Petrie named the site after a nearby village Kafr Tuki to distinguish early finds from later material, since the cemetery continued to be used in antiquity.
He excavated a pile of linen from a Dynasty 1 (c. 2800 BC) tomb in 1913. It was only in 1977, when this linen pile was cleaned by the Victoria and Albert Museum's Textile Conservation Workshop, that the dress was discovered. It was then carefully conserved, stitched onto Crepeline (a fine silk material used in textile conservation) and mounted so it could be seen the way it was worn in life. It is one of the oldest woven garments from Egypt on display in the world.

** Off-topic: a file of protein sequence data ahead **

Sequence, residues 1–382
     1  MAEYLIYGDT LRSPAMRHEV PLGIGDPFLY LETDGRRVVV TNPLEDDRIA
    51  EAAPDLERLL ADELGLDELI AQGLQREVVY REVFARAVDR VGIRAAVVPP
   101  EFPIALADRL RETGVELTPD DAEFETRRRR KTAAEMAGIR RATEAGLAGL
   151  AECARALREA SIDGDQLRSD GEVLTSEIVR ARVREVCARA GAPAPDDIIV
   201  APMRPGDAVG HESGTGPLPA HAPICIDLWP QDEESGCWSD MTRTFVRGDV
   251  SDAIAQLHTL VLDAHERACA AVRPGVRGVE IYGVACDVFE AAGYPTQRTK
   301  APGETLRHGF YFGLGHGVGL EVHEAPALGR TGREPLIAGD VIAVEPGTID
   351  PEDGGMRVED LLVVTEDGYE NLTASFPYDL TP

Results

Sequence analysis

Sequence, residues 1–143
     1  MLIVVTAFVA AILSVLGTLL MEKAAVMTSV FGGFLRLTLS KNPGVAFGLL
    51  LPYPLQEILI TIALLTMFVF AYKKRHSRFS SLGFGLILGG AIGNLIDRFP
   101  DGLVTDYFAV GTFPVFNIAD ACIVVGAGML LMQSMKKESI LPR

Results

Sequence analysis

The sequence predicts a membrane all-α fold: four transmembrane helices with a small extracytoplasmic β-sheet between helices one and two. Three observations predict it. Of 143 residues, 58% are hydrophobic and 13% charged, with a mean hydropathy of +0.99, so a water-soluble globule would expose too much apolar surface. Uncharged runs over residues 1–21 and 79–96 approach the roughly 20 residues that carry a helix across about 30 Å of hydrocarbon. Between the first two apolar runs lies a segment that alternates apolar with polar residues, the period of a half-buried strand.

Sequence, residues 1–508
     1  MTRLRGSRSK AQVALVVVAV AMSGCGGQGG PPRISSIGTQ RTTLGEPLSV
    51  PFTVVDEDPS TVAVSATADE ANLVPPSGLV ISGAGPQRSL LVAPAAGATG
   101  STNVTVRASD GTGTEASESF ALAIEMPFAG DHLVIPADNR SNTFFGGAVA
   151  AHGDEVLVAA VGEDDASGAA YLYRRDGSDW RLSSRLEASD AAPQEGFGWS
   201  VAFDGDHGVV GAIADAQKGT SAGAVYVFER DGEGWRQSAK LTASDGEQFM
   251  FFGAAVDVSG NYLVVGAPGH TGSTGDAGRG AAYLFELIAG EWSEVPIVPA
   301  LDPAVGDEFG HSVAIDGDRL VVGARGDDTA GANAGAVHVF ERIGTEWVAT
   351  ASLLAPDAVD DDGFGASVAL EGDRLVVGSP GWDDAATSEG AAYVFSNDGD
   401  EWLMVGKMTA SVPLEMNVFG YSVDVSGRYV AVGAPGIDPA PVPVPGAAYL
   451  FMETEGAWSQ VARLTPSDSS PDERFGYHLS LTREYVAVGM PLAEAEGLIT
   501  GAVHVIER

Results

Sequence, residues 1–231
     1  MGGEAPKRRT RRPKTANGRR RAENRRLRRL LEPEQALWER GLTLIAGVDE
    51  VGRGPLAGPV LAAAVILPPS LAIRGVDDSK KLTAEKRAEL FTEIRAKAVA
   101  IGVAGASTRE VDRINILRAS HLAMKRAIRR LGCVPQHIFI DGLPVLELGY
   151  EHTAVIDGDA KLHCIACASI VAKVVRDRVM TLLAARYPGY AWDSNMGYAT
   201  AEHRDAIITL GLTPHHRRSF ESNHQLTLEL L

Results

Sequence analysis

The dress shows distinct signs of pleating around the neck and on the sleeves. Rosalind Hall, who re-displayed the garment, comments that: "The garment had clearly been worn in life, because it was found inside-out, as it very well might have be after having been pulled over the head with distinct signs of creasing at the elbows and under the armpits."
The dress may have been placed in the tomb deliberately in an 'inside out manner' as a piece of funerary clothing. However, it is hard to make assumptions since the only context was the recovery of a garment amidst a pile of linen.
You can find out more information about the Tarkhan Dress by visiting the Digital Egypt website.
S. Landi and R. M. Hall (1979), 'The Discovery and Conservation of an Ancient Egyptian Linen Tunic', Studies in Conservation, 24, 141-152.
We also have a Textiles in the Petrie School's Pack to download.